2. Exploiting political uncertainty and security vulnerability in the country. Due to growing political divisions, particularly the estrangement between Mogadishu and Puntland that began on January 9, 2023, ISIS has been able to gain a foothold in the autonomous state. This division has been compounded by the federal government’s introduction of radical amendments to the political system and electoral model. These amendments — perceived by opponents as disruptive to the delicate balance of power in the country — propose a shift to a universal suffrage system instead of the clan quota system that has prevailed since 2012. Additionally, the transition from a parliamentary to a presidential system strengthens the powers of the president at the expense of the parliament and the prime minister. The federal parliament approved these amendments on March 30, 2024, amidst strong opposition led by former presidents and condemnation from Puntland State. Consequently, Puntland has withdrawn from the federal system and confirmed its intention to act independently, including engaging directly with international stakeholders and taking steps to strengthen relations with Ethiopia. This move has provoked Mogadishu, which announced in early April that it had given the Ethiopian ambassador 72 hours to leave the country and ordered the closure of Ethiopia’s consulates in Hargeisa and Garowe, citing Ethiopian interference in Somalia’s internal affairs. This is a serious escalation of ongoing tensions with its neighbor since early January.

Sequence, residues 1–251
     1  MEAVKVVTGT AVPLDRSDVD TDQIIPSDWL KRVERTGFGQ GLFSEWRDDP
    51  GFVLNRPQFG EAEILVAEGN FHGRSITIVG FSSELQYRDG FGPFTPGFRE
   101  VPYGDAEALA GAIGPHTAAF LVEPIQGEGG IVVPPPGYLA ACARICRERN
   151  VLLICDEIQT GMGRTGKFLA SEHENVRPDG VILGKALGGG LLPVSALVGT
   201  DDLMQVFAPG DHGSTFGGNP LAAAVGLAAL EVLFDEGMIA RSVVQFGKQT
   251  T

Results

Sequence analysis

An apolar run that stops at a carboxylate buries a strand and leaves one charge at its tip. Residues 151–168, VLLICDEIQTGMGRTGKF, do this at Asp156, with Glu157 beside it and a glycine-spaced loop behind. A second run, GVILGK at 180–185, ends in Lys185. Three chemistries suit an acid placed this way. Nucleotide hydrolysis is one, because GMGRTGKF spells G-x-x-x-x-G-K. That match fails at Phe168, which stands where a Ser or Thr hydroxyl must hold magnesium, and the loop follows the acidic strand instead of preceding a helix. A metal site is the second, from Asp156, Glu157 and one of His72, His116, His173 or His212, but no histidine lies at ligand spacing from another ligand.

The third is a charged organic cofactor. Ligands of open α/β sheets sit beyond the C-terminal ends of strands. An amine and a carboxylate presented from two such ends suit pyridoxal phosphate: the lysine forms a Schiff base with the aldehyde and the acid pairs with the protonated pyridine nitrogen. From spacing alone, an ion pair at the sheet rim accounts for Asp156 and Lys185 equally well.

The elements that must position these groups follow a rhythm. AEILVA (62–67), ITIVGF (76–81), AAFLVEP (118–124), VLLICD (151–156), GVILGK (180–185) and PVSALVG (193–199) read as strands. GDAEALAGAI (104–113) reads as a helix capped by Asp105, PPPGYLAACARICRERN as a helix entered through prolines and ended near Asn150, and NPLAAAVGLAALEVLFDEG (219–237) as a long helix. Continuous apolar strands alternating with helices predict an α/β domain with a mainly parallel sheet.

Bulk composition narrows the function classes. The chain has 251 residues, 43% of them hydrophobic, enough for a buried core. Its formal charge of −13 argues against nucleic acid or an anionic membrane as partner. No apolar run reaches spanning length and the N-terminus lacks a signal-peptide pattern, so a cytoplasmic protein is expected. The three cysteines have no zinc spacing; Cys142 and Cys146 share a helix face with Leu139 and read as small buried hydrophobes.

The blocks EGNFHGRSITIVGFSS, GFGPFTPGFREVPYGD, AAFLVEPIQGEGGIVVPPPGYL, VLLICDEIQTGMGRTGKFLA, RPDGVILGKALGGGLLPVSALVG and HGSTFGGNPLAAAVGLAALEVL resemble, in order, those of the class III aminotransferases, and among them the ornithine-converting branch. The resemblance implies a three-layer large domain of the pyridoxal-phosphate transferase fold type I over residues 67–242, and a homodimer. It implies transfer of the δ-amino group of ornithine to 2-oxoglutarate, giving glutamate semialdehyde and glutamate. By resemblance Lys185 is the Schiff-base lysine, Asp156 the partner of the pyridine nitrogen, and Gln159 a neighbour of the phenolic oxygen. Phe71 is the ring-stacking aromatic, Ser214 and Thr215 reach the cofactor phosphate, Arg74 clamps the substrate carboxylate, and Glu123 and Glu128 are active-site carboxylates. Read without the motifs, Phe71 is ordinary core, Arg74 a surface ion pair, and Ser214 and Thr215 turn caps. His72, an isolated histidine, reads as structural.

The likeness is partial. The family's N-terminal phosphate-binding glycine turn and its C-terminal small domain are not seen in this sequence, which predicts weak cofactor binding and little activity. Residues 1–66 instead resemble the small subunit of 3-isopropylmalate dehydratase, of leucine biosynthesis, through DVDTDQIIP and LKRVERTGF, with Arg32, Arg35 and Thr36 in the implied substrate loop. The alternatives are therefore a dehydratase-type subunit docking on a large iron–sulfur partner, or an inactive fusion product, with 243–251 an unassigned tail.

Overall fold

3. Regional developments and transformations as catalysts for jihadist penetration in Somalia and the African continent. This encompasses threats to regional security stemming from Ethiopia’s maritime ambitions, highlighted by the signing of a memorandum of understanding with Somaliland on January 1, 2024. Additionally, it involves the Israeli war on Gaza and its consequences, as well as security and geopolitical tensions in the Red Sea. All of the above serve the jihadist narrative for expansion in Somalia and East Africa in general, especially in light of the rise of nationalism among Somalis, their sensitivity to foreign intervention in their country and growing anti-Western sentiments due to the West’s supportive stance toward Israel. Additionally, there is increasing attention on the grievances of African people, driving a movement to liberate their countries from colonial heritage and Western dominance, among other issues.